READ MORE: Devil Wears Prada: Italian Firm Removes Monkey Figurines Over 'Blackface' Row

    Oxfam's Batley-based recycling centre ‘Wastesaver' also processes around 12,000 tonnes of textiles a year and was the first national charity to do so since opening in 1974. The centre sells 30 percent of stocks to Oxfam-run social enterprise Frip Ethique in Senegal, with more than 500 small traders  

    What are Ethical Fashion Advocates Doing About It?

    Margarita Goroskhevich, founder of London-based sustainable fashion brand Allriot told Sputnik that the British fashion industry "has a toxic love affair with fast fashion" and was focussed solely on timing trends rather than forming sustainable business models. 

    "From an ethical standpoint, the fashion industry is inherently flawed," she said. "Its entire business model is predicated on selling you an item of clothing and making sure you feel dissatisfied with it as soon as it's hanging in your closet," she said. "More is more." 

    "This implies that sustainable fashion is bad for business, and that's the crux of the problem," she continued. "I feel that the industry as a whole is not interested in sustainable fashion." 

    She urged consumers to set the terms of consumption by saying "no to fast fashion and choose quality over quantity" as it was the only to "put the emphasis on sustainability". 

    Ms. Goroskhevich mentioned that her experiences inside the fashion industry evidenced that "dead stock", or overproduction of goods, was "a massive problem that nobody talks about."  

    Allriot has a "no waste policy" and produces sweatshop-free garments in limited quantities without applying discounts to sell more stock.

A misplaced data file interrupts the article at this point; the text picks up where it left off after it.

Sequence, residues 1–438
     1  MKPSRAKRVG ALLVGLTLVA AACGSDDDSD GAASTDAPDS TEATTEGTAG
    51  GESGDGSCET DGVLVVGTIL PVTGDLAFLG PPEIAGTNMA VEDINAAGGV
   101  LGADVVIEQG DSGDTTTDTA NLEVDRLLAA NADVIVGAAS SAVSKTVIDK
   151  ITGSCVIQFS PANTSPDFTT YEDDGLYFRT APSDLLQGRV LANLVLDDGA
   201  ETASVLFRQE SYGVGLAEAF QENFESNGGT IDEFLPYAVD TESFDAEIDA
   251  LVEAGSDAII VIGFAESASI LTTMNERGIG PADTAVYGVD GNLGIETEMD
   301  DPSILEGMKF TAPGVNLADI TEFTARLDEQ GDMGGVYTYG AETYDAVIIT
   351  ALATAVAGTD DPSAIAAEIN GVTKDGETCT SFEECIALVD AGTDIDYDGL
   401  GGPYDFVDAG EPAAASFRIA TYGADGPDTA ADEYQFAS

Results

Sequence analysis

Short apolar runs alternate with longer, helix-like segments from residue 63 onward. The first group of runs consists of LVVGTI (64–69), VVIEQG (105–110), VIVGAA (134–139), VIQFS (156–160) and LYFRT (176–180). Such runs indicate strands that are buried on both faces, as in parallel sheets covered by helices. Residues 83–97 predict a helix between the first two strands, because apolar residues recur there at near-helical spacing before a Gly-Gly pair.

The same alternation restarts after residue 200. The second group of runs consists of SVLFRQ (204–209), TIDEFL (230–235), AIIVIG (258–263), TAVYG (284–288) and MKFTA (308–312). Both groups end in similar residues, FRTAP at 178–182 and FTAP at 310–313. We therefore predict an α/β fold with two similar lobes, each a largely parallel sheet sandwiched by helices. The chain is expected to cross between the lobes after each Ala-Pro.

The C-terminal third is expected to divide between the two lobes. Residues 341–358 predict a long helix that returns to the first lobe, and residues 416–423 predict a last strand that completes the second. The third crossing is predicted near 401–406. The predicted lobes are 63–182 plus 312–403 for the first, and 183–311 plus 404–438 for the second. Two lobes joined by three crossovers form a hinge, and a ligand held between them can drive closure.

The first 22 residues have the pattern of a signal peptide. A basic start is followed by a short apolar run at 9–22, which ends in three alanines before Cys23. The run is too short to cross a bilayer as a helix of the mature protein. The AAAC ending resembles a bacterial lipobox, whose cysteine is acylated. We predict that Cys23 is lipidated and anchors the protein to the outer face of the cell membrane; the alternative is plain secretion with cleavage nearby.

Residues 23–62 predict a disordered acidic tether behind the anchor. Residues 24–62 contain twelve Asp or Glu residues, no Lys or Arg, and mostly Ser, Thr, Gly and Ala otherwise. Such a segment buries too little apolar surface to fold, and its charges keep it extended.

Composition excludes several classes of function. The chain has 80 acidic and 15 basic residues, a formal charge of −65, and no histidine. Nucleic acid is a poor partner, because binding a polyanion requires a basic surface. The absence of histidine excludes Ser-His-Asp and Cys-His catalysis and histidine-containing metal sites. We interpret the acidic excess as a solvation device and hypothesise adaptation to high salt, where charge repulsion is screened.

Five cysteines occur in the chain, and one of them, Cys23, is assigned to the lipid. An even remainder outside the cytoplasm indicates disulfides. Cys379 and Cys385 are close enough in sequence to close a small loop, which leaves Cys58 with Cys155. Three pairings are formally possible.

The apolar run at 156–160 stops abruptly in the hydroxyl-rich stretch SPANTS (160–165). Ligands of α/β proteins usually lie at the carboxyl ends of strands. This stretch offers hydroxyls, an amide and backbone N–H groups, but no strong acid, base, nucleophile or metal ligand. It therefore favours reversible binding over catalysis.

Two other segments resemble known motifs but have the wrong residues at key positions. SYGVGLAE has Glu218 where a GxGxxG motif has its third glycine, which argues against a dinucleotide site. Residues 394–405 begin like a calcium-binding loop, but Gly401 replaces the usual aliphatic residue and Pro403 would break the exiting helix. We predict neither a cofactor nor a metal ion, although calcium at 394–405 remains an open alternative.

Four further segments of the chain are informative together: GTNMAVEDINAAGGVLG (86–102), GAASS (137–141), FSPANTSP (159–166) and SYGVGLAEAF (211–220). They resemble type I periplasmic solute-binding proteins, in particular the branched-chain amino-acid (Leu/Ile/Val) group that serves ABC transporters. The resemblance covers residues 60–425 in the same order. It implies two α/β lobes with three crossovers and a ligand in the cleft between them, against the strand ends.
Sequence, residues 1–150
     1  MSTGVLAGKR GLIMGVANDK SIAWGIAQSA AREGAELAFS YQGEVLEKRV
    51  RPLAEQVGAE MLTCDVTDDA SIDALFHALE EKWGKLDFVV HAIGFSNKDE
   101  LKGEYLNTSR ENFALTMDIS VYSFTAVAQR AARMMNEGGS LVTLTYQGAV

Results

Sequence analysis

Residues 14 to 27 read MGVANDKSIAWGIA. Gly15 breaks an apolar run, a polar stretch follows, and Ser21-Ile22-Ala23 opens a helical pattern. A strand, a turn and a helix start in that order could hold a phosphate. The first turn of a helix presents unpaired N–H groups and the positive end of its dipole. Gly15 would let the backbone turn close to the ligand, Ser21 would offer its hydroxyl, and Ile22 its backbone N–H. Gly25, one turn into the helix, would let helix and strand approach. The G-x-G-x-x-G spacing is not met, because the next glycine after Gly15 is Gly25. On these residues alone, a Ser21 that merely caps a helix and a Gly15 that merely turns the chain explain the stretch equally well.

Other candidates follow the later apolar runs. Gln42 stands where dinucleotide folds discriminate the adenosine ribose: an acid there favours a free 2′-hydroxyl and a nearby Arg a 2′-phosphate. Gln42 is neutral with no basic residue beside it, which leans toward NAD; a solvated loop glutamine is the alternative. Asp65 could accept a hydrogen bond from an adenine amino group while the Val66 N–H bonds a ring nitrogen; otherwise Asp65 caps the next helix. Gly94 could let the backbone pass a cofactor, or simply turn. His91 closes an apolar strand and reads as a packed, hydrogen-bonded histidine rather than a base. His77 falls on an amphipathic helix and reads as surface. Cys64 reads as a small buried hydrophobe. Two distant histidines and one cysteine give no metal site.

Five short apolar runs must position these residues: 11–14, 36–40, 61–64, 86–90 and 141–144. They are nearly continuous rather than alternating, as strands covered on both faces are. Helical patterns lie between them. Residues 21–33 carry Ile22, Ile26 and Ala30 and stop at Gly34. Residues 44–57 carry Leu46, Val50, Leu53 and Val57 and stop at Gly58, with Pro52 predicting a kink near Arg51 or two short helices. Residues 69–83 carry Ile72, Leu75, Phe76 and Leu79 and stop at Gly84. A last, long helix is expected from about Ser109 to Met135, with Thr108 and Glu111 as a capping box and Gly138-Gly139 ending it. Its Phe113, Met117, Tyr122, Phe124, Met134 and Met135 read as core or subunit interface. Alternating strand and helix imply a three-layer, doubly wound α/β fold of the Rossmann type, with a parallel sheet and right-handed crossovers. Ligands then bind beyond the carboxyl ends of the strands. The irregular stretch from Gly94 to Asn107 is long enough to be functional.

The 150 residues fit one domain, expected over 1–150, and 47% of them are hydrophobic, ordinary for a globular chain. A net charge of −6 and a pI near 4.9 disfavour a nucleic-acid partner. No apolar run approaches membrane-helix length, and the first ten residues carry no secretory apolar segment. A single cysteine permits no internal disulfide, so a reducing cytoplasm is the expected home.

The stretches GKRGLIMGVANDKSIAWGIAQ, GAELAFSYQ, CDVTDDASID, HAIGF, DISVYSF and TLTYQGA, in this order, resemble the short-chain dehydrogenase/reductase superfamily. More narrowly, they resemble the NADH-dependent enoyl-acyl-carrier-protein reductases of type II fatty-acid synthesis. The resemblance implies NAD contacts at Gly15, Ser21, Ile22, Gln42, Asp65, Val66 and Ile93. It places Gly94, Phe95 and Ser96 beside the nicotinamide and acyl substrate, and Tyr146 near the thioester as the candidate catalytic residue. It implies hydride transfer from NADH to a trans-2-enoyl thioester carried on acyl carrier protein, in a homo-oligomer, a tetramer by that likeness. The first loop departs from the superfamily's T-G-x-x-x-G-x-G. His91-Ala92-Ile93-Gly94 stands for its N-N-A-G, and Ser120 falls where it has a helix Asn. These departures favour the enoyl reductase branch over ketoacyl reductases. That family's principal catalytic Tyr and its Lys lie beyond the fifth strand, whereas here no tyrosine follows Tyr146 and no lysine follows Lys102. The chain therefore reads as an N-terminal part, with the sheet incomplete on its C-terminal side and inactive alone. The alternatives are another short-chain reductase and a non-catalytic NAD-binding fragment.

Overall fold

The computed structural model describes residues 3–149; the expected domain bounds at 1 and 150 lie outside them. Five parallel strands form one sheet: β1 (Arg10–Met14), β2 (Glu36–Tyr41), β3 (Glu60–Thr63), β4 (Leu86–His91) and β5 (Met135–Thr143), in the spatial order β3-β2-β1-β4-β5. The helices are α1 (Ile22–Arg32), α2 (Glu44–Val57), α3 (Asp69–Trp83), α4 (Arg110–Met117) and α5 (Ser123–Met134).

"On Black Friday, we educate our customers about the pitfalls of over-consumption," she said. "I believe that this is one of the most important things we're currently doing as a brand and our customers love it." 

    Ms. Goroskhevich said that remaining stocks at the year's end are donated to homeless shelters or compiled into "mystery packs" used for charity fundraisers, adding that the "fashion industry is one of the most polluting industries in the world" and that the "ecological and psychic fallout is just the cost of doing business." 

    "I think it's essential that we clean up our act. I the long-term, sustainability is going to pay off."

    The views and opinions expressed by the speaker do not necessarily reflect those of Sputnik.


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    environmental sustainability, public inquiry, retail, fashion industry, textiles, sustainability, clothing, business, fashion, Her Majesty's Revenue and Customs (HMRC), UK Department for Business, Energy and Industrial Strategy (BEIS), Oxfam, Mary Creagh, Victoria Atkins, United Kingdom